The US Policy of Containment

The US policy of containment was first articulated by U.S. diplomat George F. Kennan in his famous "Long Telegram" in 1946 with the aim of stopping the spread of communism. It stated that the USSR would attack the USA in an attempt to destroy the traditional way of life. Therefore, the USA should become more hostile and defensive.

Under the policy of containment, the USA aimed to....

The Truman Doctrine

The Truman Doctrine was announced by President Truman in a speech to Congress on March 12, 1947. It signified the U.S. foreign policy shift towards a more assertive stance against the spread of communism, particularly in Europe. 

The Truman Doctrine declared that the United States would provide political, military, and economic assistance to any democratic nation under threat from external or internal authoritarian forces, with the primary aim of containing communism.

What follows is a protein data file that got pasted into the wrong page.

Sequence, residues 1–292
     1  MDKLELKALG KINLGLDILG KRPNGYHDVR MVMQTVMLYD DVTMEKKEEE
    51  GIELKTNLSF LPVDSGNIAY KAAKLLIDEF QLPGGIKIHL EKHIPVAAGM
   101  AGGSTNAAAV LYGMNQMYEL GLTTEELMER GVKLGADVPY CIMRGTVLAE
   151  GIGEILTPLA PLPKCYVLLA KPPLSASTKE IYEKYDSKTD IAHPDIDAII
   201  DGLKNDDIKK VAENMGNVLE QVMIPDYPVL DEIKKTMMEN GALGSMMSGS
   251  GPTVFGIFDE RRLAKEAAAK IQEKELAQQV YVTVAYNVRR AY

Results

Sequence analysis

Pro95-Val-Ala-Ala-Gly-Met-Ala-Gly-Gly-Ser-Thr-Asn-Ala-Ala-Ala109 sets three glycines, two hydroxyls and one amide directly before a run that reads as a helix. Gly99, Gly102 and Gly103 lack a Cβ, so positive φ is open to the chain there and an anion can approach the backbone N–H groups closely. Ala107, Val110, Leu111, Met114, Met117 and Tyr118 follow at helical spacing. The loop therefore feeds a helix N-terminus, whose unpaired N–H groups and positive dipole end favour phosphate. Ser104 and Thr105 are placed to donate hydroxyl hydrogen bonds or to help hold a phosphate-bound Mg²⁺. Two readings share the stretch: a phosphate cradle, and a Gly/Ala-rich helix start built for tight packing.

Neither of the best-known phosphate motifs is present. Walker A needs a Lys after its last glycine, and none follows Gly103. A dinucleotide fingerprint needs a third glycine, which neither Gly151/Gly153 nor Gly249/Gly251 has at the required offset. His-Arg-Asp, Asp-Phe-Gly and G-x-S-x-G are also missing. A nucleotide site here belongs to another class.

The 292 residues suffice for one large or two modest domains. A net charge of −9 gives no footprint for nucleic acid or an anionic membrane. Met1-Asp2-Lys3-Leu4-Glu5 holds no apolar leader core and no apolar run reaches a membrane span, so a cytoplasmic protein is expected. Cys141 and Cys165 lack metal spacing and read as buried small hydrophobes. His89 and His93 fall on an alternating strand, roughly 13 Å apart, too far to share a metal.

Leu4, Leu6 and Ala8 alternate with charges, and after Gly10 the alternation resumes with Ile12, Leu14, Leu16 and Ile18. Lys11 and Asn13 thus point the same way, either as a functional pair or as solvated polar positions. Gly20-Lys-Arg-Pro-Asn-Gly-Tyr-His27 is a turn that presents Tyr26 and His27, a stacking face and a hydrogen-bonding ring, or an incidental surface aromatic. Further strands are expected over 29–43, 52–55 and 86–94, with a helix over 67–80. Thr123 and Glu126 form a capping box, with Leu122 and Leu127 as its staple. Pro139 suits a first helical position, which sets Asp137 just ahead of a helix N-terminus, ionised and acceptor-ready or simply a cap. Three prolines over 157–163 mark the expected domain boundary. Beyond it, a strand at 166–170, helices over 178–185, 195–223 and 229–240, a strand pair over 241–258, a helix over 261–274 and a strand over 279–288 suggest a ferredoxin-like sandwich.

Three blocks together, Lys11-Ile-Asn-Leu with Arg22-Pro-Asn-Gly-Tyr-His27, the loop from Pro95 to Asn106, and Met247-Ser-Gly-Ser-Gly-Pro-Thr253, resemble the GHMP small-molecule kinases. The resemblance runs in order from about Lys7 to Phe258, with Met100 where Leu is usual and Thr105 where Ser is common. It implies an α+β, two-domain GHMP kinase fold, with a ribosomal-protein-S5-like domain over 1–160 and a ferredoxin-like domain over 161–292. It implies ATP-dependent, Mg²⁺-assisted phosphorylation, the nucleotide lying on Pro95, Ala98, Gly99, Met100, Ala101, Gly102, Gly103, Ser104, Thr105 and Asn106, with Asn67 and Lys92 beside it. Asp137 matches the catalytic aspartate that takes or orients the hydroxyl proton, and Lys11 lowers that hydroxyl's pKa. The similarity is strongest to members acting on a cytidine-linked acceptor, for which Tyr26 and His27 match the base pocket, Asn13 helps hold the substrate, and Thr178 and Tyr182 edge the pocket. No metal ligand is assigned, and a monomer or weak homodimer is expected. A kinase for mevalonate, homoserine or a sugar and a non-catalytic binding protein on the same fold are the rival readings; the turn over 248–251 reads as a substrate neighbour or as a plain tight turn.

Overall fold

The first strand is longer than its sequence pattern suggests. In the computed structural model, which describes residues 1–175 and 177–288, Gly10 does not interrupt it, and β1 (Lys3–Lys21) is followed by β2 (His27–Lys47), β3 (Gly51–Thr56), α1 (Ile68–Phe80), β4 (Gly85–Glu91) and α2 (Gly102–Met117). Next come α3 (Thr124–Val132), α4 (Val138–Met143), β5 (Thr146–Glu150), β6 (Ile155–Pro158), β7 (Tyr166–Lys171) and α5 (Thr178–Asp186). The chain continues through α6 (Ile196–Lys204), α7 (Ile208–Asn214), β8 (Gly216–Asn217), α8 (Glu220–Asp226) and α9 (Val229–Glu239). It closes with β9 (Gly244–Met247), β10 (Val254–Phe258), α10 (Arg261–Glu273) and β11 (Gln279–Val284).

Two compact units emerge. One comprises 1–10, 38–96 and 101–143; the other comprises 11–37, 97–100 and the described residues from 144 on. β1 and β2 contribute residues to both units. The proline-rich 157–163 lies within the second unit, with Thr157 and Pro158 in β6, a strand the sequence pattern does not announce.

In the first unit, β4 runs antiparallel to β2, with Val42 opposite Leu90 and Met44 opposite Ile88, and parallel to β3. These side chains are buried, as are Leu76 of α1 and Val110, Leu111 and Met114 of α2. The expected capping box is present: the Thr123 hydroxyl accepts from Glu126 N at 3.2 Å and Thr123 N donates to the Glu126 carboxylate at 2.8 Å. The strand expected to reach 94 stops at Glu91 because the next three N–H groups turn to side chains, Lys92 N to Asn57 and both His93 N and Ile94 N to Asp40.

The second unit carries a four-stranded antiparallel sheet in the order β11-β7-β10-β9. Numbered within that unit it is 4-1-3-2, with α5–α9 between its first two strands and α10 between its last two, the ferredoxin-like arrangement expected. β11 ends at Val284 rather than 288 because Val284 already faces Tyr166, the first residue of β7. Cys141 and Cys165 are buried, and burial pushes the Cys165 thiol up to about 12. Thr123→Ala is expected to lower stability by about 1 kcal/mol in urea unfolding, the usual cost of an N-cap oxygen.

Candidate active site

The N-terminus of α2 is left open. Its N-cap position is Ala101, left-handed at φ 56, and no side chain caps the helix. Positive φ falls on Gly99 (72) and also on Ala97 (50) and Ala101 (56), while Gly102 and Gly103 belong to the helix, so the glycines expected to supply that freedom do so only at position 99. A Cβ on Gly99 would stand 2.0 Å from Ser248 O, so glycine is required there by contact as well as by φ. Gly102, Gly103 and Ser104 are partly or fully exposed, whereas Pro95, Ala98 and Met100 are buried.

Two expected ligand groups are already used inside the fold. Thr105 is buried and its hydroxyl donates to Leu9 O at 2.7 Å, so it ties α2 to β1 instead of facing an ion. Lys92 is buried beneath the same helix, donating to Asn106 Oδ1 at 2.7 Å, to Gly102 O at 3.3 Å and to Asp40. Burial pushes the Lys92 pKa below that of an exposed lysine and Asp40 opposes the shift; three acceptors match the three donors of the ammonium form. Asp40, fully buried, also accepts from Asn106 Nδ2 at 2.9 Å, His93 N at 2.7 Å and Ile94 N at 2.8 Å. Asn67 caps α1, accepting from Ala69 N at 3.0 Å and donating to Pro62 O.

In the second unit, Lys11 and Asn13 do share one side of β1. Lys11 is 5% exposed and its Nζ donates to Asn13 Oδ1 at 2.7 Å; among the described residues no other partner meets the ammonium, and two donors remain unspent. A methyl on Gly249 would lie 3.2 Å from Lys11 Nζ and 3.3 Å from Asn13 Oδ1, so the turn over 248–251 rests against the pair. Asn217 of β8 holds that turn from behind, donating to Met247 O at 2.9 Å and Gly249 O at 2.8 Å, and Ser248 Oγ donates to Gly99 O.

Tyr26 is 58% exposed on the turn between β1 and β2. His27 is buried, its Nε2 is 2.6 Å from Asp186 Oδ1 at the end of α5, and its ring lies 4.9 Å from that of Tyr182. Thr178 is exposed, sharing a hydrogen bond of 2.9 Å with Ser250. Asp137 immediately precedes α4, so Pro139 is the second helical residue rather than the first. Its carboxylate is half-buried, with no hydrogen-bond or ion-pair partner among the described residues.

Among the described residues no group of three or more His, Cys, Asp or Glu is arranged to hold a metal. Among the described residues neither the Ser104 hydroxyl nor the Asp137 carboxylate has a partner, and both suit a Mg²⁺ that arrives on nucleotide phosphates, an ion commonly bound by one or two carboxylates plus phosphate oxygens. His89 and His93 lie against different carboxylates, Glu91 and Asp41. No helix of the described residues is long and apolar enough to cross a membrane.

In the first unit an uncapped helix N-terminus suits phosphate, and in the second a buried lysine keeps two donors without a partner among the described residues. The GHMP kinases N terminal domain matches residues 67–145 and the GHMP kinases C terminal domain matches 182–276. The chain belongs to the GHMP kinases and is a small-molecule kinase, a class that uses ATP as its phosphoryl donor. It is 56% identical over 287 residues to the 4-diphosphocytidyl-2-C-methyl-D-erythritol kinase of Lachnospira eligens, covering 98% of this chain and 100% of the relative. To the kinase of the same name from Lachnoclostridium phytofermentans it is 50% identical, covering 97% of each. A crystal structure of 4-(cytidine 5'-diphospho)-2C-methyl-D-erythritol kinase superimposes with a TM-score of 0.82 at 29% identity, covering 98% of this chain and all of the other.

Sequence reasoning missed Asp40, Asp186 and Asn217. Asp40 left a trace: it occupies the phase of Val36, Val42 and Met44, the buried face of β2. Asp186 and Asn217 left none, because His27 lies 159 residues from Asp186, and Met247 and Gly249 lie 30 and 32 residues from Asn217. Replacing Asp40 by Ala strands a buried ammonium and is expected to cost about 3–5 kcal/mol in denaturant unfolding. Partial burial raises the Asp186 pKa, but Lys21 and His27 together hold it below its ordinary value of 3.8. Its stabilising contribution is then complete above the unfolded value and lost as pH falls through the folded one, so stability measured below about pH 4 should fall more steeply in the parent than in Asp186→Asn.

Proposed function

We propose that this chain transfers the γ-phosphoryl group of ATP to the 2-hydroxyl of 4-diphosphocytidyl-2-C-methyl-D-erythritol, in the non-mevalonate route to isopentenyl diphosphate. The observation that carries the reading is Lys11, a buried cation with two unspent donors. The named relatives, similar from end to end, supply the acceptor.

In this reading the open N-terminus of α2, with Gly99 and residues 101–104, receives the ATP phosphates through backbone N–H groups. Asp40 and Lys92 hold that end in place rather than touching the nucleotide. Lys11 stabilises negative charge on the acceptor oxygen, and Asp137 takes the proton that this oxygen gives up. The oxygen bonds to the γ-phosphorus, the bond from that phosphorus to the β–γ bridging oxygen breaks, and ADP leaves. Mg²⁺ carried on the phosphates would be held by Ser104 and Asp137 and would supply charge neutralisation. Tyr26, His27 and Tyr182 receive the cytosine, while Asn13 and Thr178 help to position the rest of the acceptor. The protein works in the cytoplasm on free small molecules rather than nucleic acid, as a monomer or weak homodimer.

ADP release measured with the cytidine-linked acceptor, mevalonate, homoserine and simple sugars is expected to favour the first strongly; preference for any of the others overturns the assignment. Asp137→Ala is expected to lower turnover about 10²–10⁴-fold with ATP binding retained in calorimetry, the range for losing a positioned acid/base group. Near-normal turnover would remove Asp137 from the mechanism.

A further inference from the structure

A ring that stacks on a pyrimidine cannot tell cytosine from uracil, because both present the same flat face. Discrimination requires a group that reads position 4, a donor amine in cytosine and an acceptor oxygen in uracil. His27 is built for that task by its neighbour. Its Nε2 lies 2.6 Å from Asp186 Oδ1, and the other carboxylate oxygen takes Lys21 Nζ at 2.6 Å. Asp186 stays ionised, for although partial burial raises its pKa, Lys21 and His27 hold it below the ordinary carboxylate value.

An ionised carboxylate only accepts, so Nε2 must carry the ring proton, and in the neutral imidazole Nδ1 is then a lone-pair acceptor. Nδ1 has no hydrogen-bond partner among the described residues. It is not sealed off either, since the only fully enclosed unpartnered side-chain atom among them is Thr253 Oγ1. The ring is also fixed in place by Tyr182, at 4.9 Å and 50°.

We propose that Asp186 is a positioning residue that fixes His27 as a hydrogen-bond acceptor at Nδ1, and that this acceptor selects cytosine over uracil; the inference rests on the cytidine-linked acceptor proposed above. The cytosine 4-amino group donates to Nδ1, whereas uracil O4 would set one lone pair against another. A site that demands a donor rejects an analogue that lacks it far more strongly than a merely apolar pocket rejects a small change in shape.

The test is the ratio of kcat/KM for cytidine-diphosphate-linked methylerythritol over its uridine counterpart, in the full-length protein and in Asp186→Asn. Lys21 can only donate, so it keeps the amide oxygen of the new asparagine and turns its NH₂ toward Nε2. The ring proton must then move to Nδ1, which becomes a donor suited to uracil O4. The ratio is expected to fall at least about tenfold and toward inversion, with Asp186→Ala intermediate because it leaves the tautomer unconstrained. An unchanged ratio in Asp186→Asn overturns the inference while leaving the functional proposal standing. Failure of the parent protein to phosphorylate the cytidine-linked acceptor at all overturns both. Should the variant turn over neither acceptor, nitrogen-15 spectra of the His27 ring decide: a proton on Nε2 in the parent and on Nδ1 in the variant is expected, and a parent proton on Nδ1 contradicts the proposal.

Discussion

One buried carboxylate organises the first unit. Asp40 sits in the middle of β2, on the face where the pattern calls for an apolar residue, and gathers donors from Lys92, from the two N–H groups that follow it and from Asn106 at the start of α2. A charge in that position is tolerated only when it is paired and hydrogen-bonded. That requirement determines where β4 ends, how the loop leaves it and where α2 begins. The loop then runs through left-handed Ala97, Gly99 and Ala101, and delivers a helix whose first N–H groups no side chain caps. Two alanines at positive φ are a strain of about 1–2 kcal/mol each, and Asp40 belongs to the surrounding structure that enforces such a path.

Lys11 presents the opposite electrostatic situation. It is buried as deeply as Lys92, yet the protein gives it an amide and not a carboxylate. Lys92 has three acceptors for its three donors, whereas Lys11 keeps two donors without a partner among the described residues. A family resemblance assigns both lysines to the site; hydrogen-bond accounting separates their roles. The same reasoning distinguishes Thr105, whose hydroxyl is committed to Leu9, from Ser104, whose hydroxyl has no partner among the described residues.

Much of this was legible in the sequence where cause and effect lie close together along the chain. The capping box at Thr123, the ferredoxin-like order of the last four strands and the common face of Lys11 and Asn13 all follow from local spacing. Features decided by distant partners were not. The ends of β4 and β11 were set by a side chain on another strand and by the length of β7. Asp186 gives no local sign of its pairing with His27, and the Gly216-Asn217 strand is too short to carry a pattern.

This focused on providing aid to Greece and Turkey, which were facing communist insurgencies and Soviet pressure. Truman asked Congress to provide $400 million in military and economic assistance to help these countries resist communist expansion.

The Greek Civil War

The USA's Marshall Plan / European Recover Plan (loans)

The Marshall Plan was launched in 1948 to aid Western Europe in rebuilding its economies after the devastation of World War II. 

The plan had been proposed in a speech by U.S. Secretary of State George Marshall at Harvard University on June 5, 1947.

Marshall argued that as a result of the war, countries in Eastern Europe were facing hunger, poverty, desperation and chaos. The USA should assist in the return to normal economic health by providing loans and financial support. 

In total, US$12.5 billion was provided by the USA to 16 countries; 

Spain applied but was rejected due to it being under the rule of dictator Fransisco Franco.

Poland and Czechoslovakia initially applied, but were forced to withdraw their applications as they were controlled by the USSR.